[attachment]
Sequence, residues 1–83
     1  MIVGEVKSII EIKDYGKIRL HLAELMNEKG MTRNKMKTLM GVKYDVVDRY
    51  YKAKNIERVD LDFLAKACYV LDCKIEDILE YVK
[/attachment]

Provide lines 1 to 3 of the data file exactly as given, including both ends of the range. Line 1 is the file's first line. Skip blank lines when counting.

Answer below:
Sequence, residues 1–83
     1  MIVGEVKSII EIKDYGKIRL HLAELMNEKG MTRNKMKTLM GVKYDVVDRY
    51  YKAKNIERVD LDFLAKACYV LDCKIEDILE YVK